Notes on Online Exhibition: arebyte

Installation View: Hosted (2020) in "Best Effort Network," at arebyte in March 2020. 70-frame animation. Photo: Max Colson.

As 2020 comes to a close, and we mark nearly one year of navigating the effects of COVID-19, we've invited a group of curators and programmers to reflect on how they've evolved their work to meet their mission during these "uncertain times." Previously, we published Paolo Pedercini on LIKELIKE Online. Today, arebyte Gallery's Founder Nimrod Vardi and Curator Rebecca Edwards on their pivot to (more fully) online last spring.

In early March we were busy preparing for our first commission of the year, a solo exhibition of works by Olia Lialina called "Best Effort Network," which was 18 months in the making. The word l o c k d o w n hadn’t entered the daily vocabulary yet. Covid-19 and the restrictions it brought to the UK and the world at large caught us a few days before the planned opening of Olia’s show. Like most galleries, closing our doors forced us to pause the onsite / physical operations and find alternative ways to continue doing what we do.

Fortunately for us, we were better prepared than most, having been working with the digital for the past 7 years.

While many were figuring out how to move their operations online, we (and Olia) felt at home, and perhaps more at ease with the imminent future of online-based working methods. Lialina’s work is created for the internet first and foremost and so it was already there, waiting for the audience to click through URLs to find it. Under the new restrictions we added a live feed of the empty gallery showing the works projected on large screens – Lialina swimming in Hosted, swinging in Summer, and rotating on the carousel in Best Effort Network. This simple transition – from online to offline and back again – proved very successful with over 35,000 views on our website and warm reviews.

During the years of working within a gallery and online context, we experimented and developed various artistic and curatorial methodologies: from onsite-online open residencies, playing with live radio broadcasts, and dismantled group exhibitions, to online automated tours (, a few projects archived) and our version of a more considered YouTube/TikTok ( We are, and always have been, looking for new means of exhibition-making, broadening our channels of communication and engaging within different modes of artistic production.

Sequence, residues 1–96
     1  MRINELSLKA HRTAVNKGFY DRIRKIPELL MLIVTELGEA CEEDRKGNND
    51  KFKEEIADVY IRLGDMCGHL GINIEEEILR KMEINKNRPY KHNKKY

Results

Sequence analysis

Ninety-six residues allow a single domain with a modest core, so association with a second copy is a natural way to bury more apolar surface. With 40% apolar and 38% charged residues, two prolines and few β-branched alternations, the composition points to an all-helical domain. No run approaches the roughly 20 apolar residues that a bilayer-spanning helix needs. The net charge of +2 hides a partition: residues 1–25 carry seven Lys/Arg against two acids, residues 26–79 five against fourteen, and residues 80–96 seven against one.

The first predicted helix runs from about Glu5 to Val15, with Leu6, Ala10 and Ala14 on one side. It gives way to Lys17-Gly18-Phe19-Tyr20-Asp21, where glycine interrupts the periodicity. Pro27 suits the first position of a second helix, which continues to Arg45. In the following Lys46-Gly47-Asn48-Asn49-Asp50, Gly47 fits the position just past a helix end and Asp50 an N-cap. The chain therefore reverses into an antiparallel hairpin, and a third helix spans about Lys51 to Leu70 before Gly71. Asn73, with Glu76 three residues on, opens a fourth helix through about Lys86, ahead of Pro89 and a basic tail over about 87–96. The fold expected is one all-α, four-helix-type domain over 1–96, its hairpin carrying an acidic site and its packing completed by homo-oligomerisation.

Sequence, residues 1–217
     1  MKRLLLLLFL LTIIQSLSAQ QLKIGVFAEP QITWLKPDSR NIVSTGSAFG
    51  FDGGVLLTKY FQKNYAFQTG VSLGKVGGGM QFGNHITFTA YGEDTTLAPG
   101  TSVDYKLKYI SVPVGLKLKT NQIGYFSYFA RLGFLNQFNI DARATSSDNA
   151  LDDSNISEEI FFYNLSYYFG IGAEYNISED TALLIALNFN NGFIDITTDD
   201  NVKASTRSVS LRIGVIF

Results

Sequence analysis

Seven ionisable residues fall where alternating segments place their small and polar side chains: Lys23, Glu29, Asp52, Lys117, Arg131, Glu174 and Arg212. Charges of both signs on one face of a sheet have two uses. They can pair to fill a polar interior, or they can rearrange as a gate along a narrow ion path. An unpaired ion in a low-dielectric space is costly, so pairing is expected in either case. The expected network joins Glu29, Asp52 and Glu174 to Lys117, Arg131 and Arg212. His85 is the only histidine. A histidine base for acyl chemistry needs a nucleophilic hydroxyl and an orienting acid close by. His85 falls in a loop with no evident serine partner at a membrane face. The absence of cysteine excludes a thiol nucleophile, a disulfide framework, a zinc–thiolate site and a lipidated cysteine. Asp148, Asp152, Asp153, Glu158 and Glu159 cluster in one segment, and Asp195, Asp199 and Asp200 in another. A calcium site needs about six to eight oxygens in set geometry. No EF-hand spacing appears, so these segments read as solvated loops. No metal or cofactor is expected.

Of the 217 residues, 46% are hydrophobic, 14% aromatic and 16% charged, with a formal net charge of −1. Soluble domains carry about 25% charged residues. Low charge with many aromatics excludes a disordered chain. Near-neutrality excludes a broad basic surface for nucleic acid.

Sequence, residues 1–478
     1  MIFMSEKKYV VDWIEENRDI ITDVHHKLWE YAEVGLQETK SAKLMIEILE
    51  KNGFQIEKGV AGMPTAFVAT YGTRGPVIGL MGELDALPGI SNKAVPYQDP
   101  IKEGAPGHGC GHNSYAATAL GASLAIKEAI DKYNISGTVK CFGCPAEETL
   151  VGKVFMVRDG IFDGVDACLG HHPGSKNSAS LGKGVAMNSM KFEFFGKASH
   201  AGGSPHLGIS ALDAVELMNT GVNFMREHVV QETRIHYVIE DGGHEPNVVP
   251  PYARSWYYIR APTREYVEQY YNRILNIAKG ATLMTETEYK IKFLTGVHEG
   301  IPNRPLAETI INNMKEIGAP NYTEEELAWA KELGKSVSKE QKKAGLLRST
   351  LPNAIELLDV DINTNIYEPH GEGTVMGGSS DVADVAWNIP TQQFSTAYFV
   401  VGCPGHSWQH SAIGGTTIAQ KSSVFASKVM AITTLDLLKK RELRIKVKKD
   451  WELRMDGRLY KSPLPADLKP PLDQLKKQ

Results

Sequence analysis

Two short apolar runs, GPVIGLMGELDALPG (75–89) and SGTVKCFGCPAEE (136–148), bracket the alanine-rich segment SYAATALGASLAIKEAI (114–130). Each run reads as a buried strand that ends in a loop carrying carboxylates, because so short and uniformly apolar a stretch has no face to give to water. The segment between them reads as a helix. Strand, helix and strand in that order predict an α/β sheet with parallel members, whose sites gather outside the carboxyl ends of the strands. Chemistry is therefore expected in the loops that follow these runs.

"Real-Time Constraints," in-situ, featuring DISNOVATION (2015-2018), Predictive Art Bot. Courtesy the artists and arebyte Gallery.

Which leads us to another exhibition we launched during the lockdown: the June 2020 group show "Real-Time Constraints," co-curated with Luba Elliot, exploring machine learning and artificial intelligence within artistic practices. The exhibition, which was supposed to be onsite and subsequently moved online, was unlike the regular online experiences where artworks are displayed on virtual walls or subjected to endless thumbnail scrolling. Instead, we developed a browser plugin, a simple piece of software which removed the decision-making process and confronted the audience every hour with an artwork on a pop-up screen. We wanted to offer a new online experience, disturbing the user from the mundanities of computer-based life and work, and diverting their attention to the artwork - a Stopping Cue as Rebecca put it simply. Almost as a by-product the plugin also offered a shared viewing experience across users world-wide, running on internet time, which in turn opened the door for other future developments with regards to networked approaches and synchronised experiences.

During our 7 years running arebyte Gallery, we got used to operating in a flexible manner – with changes to budgets, spaces, staff and programming – often adapting to new circumstances quickly, rethinking our position and that of the artists in a considered and smart way. We found it crucial to continue evaluating our curatorial and artistic position which in times of such uncertainties as the past few months has proven to be useful in terms of the ways we have learned to sustain a successful operation.

With the few positive outcomes some of us have seen during the pandemic, we acknowledge that there have been, and continue to be, unprecedented losses and tragedies. These new circumstances will continue to be extremely tough and testing for the arts as a field, but also for every other sector and individuals across the globe. As resilient as we are in tough times, like most we have struggled with the added stress and strain to our small team. Reflecting on our programming pre- and, eventually, post-pandemic has forced us to be more critical and questioning about our future, and the role we play in society and the arts community. We have found solace in each other and reminding ourselves of why we do what we do.

Rhizome’s knowledge-sharing related to born-digital cultural practices is supported by John S. and James L. Knight Foundation.